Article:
The cost of a healthy food basket
- The cost of a healthy food basket - ROI (PDF, 2MB)
- The cost of a healthy food basket - ROI summary report (PDF, 100KB)
- The cost of a healthy food basket - NI (PDF, 2MB)
- The cost of a healthy food basket - NI summary report (PDF, 100KB)
A Minimum Essential Standard of Living (MESL) is derived from a negotiated consensus on what people believe is a minimum standard. It is a standard of living that meets an individual’s or a household’s physical, psychological and social needs. This is calculated by identifying the goods and services required by different household types in order to meet their needs. While an MESL is based on needs, not wants, it is a standard of living below which nobody should be expected to live.
This report focuses on food, one of the 16 elements of the Minimum Essential Standard of Living (MESL) data. It is based on a methodology called Consensual Budget Standards (CBS). The report is presented in the context of increasing concerns about the issue of food poverty in the Republic of Ireland (ROI) and an increase in the number of people reporting that they do not have enough money to buy food. Recent data from The Organisation for Economic Co-operation and Development (OECD) have shown that the number of people believing they cannot afford food doubled from 4.2% in 2008 to 9% in 2014. Data from Eurostat show that in 2013, food and non-alcoholic beverage prices in Ireland were 17% higher than the EU average. Moreover, research by Carney and Maitre, using data from the Survey on Income and Living Conditions (SILC), found that one in ten people are living in food poverty in Ireland. Food poverty is defined as the inability to have an adequate and nutritious diet due to issues of affordability and access to food. This has related effects on health, culture and social participation.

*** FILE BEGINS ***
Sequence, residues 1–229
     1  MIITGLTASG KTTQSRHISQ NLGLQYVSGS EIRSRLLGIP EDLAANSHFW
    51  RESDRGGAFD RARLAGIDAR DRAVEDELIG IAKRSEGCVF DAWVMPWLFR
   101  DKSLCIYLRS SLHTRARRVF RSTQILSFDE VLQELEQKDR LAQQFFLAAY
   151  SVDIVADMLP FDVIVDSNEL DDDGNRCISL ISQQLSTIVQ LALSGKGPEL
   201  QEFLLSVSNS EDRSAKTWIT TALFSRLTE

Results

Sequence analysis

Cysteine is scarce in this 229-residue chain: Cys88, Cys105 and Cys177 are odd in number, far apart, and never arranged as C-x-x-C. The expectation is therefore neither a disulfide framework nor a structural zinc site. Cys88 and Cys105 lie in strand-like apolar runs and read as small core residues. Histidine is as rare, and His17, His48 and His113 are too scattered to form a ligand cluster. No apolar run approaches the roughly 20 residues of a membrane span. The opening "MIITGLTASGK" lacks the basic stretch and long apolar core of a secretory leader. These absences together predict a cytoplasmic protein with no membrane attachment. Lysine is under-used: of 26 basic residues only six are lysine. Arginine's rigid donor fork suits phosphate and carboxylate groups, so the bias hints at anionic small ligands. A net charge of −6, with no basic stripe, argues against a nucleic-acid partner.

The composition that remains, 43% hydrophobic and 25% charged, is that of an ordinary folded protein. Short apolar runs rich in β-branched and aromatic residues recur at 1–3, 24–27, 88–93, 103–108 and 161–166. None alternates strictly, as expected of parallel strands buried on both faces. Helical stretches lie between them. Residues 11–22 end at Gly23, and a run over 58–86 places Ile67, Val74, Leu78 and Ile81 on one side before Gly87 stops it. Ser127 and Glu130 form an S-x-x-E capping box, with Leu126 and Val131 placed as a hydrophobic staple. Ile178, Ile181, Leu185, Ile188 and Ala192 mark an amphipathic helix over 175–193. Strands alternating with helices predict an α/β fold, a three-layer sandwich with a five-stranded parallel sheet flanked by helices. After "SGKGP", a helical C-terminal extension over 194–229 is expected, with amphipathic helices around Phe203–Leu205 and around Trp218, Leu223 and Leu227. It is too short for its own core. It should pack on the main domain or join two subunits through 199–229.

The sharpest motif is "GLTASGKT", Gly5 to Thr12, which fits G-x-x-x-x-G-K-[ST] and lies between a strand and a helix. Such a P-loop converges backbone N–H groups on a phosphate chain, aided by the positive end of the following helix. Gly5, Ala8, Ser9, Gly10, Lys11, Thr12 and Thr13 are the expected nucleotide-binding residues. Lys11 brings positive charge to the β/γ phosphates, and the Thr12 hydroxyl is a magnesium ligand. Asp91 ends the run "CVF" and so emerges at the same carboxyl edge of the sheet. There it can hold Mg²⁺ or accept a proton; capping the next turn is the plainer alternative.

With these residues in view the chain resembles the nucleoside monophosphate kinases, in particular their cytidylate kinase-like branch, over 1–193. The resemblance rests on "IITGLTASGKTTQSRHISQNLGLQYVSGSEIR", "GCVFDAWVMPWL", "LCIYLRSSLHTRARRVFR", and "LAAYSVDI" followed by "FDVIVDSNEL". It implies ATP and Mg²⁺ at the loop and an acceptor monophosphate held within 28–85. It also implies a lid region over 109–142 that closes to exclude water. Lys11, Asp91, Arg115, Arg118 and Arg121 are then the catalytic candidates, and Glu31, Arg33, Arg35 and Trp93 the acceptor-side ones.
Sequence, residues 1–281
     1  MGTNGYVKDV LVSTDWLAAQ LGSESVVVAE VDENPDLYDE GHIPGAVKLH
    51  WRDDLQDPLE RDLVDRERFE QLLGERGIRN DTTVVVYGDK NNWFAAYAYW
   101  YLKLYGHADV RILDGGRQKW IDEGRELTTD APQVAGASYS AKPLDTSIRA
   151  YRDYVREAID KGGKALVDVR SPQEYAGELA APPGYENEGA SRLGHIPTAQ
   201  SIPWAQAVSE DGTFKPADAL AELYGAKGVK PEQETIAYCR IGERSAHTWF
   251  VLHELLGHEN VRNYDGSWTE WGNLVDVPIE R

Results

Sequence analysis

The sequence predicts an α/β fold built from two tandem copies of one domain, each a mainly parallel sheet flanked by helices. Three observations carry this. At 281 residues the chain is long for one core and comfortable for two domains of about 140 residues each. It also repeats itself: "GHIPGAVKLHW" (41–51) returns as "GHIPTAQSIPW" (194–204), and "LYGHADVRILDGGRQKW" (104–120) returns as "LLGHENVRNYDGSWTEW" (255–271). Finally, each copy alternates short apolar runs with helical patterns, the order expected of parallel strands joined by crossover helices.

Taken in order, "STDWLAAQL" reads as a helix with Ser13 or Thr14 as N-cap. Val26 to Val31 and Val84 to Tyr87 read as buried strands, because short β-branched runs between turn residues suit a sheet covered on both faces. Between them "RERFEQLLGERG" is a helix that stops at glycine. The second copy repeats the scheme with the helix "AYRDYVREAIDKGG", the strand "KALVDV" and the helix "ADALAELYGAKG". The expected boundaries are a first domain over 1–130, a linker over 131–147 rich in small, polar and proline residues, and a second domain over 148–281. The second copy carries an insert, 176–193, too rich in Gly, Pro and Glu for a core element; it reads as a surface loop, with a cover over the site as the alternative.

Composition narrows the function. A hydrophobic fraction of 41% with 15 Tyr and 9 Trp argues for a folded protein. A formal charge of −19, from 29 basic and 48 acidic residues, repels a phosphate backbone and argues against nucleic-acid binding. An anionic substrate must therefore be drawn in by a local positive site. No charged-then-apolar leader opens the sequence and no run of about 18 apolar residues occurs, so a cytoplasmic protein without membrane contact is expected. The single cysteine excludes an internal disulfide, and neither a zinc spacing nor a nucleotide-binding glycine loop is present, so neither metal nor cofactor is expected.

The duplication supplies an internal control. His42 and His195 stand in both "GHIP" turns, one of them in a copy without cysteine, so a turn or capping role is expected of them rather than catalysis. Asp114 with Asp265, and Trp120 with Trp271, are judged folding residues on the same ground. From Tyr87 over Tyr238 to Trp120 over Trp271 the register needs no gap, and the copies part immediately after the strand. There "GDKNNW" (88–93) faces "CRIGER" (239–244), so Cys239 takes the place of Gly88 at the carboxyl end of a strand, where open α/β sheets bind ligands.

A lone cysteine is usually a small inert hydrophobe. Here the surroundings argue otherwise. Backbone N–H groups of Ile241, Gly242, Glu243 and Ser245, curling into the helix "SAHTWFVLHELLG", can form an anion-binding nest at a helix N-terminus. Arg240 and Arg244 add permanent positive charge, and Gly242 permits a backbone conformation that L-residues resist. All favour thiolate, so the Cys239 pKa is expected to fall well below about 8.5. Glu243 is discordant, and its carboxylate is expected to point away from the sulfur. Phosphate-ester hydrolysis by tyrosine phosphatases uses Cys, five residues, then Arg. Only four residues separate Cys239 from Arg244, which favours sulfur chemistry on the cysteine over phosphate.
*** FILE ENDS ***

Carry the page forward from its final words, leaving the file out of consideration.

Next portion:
The 2013 data from the Survey on Income and Living Conditions (SILC) show that 1.4 million people, almost 31% of the population, suffer from deprivation. This means that they are unable to afford two items from a list of 11 very basic items (of which one is not being able to eat a meal with meat, chicken, fish or a vegetarian equivalent every second day). The highest levels of deprivation are experienced by lone parents (63%), unemployed people (55%) and people not at work because of illness or disability (53%). The experience of the Vincentian Partnership for Social Justice (VPSJ) is that expenditure on food tends to be one of the least important considerations when households are dealing with competing demands on an inadequate income.